Hey, everybody, welcome back to one weld widow. So today, we're gonna talk about boundaries. And I was reminded of boundaries the other day, because with COVID happening, we bought a puzzle 1000 piece puzzle. And we dumped it out on the table. And it was like, Where are the side pieces? Where are the corner pieces? How do I even start. And that's sort of how you feel. When you're a widow, specifically a new widow. Not only do you not have the picture on the box, so that you can, it can guide you to put the puzzle pieces together. It's like you got a puzzle from the garage sale. And that was missing half the pieces. And there were no corner side pieces. So you're thinking how can I possibly start to rebuild my life, get the courage, confidence, and decide what I want. And then create boundaries that protect myself, and also teach others how I need to be treated. So as puzzling as that is, Haha, yeah, my, my kids are sick of my puns. But anyway, when you're a widow, not only do other people walk on eggshells around you and not know where your boundary line is, but you don't know where your boundary line is, everything has been turned upside down. I mean, imagine playing a board game backwards, or upside down. So here's a quote that I read a few months ago, and it says your personal boundaries, protect the inner core of your identity, and your right to choose. That's by Gerald Manley Hopkins. So I was always thinking that boundaries were to keep each other to keep other people out. But what I'm starting to learn is that boundaries, keep me safe, keep me protected. Because if you're a widow, you are at the most vulnerable. People do not know what to say to you, they don't know what to bring to you or help you. They just stumble around, hoping that you will create the boundary. It reminds me of somebody knocking at my door after my husband passed. And, you know, you're inundated with food and casseroles and all those things. And people are amazing to bring these things. But there was a knock on my door from an acquaintance. And she said she just wanted to pop over, because she was cleaning out her freezer, and found a tuna casserole that she wanted to bring for me and my kids for dinner. And God love her. God love her if you're listening to this, I'm sorry. But I should have created a boundary that number one, tuna in a casserole is wrong. Number two, she asked me if I had room and space for it. And I'm thinking Oh yes, I know exactly where this is going to go. And finally number three, she showed up about six months later asking for the dish that was from her aunt who had passed away. And I'm thinking Oh shit, I have no clue where the dish would be if I kept it, gave it away. And then I have to go into complete panic mode.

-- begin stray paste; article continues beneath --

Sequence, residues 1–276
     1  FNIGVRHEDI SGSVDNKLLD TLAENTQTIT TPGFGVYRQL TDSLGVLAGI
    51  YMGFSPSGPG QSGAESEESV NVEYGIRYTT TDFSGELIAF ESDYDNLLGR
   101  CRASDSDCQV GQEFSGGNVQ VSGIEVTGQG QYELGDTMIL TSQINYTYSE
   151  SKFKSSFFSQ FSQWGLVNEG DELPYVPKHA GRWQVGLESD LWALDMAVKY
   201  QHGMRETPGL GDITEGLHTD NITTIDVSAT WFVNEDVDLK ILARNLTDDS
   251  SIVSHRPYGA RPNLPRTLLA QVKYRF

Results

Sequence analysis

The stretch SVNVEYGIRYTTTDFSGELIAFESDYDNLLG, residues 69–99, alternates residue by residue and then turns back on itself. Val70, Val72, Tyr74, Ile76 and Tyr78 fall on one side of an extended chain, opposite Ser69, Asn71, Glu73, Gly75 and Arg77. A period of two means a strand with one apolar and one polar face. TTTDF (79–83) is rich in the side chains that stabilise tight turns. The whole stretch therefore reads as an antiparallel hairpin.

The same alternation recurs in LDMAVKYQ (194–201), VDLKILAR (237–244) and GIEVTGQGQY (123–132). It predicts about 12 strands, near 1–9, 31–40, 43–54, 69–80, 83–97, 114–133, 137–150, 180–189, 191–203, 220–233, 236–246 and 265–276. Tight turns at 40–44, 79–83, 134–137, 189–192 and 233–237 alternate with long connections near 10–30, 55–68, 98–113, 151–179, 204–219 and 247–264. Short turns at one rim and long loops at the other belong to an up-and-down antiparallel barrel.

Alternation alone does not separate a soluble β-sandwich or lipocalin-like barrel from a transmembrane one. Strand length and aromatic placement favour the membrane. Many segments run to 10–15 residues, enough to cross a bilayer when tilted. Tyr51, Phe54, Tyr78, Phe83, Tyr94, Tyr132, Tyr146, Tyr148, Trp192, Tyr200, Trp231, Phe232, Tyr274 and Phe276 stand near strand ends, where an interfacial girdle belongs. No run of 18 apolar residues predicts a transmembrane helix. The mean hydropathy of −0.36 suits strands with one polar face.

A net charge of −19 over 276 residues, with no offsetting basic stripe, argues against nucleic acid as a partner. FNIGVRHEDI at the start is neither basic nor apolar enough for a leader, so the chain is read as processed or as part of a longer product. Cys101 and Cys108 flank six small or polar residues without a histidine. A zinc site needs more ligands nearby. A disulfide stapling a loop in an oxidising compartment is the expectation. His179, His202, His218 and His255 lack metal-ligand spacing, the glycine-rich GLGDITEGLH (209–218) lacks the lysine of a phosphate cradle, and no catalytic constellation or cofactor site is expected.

So there's a God in the universe and he loves me because that day we found that frickin bowl. And I gave it back to her. So I thought a lot about this because when you're a widow, people bring you things, they say things to you, they want you to do things they want to fix you. And what you're really needing from them is empathy. It's not about fixing me making it all better. It's about connecting with me and meeting me where I am. But please, please, I am appreciative. But please don't bring me a tuna casserole. So who needs a boundary in your life? Is it some friends, a family member? Your in laws? Your kids? You know, are people telling you what to do? Are they judging your decisions? Are your kids complaining about what you fixed for dinner? Are people asking you? When are you ready to date? or Why are you wearing your wedding ring? All of these things that are personal, that you are not ready to answer. Because back to the boundaries, your personal boundaries, protect the inner core of who you are, and having boundaries give you choices.